This paper presents an object-centred account of the politics of memory at a National Historic Landmark: Angel Island Immigration Station, San Francisco. Once a port of entry and detention for Chinese immigrants arriving in the United States, the Immigration Station exists today as a historic site managed by California State Parks who are in the midst of implementing a new interpretive programme with a mission to: ‘turn a history of exclusion into a future of inclusion’. The discussion fixes on three objects located within the park which play an important role in the representation of the site’s past despite being labelled as ‘noncontributing’ in the site’s National Historic Landmark’s nomination. The biographies of a bronze bell, a granite monument, and a group of wax mannequins as sketched out here suggest novel ways to be sensitive to the many and often unexpected contributions brought by the materiality of an object in practices of remembrance.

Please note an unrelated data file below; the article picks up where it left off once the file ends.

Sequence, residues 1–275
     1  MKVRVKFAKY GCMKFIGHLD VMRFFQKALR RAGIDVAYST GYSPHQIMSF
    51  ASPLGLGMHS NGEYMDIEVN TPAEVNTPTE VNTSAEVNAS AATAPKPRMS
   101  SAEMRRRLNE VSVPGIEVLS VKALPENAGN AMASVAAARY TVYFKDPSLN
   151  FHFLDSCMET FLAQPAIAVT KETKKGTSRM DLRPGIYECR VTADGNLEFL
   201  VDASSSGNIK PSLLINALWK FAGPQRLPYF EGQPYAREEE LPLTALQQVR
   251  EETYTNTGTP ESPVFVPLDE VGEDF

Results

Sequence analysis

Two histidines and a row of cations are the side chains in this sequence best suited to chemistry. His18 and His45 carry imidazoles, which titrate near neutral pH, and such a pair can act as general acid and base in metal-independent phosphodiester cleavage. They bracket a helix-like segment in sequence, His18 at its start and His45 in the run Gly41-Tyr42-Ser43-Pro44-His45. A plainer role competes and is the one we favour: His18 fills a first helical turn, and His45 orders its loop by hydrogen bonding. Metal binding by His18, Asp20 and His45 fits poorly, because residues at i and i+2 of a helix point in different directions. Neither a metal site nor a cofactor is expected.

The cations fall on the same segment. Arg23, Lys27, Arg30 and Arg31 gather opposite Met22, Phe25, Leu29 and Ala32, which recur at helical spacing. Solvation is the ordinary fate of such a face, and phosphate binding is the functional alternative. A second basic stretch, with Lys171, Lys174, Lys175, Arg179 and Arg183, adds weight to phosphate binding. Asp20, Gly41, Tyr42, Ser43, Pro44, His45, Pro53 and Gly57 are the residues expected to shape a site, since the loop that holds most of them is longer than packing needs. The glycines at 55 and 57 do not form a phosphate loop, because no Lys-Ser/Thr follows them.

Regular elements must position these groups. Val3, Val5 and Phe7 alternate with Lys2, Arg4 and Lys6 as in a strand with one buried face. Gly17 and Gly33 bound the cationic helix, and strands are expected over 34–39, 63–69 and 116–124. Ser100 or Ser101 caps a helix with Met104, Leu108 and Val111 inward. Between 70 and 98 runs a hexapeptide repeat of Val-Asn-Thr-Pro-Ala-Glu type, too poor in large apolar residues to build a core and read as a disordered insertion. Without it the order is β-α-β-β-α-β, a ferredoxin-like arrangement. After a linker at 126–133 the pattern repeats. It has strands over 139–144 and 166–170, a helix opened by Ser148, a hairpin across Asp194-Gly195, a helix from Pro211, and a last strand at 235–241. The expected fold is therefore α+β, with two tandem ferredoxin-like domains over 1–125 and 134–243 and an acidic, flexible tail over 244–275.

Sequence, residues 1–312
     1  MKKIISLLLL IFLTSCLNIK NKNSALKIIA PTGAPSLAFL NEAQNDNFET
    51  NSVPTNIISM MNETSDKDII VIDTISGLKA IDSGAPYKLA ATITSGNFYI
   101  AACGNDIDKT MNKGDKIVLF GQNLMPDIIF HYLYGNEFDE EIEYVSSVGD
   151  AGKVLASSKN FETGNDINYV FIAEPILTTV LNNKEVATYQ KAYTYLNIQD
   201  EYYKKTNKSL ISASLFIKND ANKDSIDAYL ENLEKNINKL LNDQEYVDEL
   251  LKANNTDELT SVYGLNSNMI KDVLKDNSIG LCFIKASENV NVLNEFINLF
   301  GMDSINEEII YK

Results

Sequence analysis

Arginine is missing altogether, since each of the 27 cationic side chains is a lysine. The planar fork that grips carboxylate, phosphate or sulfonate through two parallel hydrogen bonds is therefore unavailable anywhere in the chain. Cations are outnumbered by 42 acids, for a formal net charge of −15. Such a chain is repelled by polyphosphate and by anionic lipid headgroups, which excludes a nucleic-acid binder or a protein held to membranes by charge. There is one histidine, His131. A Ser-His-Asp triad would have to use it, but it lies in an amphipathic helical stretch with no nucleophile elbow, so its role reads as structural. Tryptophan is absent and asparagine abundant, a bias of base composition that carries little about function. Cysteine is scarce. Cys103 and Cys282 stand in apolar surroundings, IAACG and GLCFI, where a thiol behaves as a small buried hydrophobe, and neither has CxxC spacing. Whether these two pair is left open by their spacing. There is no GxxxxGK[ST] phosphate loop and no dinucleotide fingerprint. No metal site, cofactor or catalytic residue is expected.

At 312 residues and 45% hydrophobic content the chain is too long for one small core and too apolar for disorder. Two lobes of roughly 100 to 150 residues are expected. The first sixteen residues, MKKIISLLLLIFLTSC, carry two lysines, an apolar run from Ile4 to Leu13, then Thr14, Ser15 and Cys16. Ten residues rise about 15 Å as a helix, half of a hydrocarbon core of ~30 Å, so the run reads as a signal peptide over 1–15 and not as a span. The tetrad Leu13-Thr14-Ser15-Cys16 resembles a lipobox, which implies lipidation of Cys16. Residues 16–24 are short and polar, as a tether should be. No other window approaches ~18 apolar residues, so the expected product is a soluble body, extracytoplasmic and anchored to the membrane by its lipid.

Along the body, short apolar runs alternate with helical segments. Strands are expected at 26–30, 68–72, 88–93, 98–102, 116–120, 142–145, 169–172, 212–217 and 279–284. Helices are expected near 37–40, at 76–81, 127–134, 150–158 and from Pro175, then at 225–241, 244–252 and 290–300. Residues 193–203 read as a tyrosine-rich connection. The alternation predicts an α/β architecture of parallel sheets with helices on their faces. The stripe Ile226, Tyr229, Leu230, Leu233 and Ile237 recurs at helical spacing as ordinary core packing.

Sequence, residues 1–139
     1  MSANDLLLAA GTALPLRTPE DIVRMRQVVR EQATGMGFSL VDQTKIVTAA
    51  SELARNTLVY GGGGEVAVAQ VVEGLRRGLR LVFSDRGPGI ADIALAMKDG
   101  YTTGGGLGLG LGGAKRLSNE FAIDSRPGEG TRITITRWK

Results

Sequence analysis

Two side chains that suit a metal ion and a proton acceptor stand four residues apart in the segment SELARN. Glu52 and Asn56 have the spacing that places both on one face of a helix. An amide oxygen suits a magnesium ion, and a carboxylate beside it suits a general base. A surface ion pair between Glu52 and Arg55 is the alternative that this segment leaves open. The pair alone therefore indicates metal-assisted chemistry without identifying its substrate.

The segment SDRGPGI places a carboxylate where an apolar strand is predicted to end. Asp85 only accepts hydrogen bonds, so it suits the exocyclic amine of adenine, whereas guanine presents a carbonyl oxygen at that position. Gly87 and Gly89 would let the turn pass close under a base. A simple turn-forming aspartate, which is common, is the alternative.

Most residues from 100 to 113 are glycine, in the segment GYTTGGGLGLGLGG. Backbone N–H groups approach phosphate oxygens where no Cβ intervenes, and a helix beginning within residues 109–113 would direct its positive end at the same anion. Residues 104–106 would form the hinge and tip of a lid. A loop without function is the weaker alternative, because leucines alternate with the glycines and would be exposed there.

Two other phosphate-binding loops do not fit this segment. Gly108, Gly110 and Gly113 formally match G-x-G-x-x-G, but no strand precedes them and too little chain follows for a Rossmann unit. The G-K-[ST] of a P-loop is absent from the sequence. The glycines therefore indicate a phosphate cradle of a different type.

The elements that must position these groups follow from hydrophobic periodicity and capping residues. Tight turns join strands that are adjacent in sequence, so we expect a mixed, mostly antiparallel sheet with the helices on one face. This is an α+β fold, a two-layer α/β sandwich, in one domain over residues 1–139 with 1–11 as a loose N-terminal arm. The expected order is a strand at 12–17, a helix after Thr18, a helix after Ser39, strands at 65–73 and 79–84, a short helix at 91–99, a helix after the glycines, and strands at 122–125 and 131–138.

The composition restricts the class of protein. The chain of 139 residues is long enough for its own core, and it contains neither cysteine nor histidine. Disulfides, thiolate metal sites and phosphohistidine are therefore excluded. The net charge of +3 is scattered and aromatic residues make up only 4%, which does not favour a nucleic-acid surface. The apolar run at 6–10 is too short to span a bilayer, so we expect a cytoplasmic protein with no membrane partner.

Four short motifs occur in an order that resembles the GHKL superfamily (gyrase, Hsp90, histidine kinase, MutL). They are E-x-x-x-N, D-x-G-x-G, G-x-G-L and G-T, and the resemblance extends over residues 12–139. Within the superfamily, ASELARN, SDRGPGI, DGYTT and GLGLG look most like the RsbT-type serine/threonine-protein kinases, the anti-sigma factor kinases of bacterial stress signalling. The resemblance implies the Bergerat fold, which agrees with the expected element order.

|Number of pages||19|
|Journal||Environment and Planning A|
|Publication status||Published - 2007|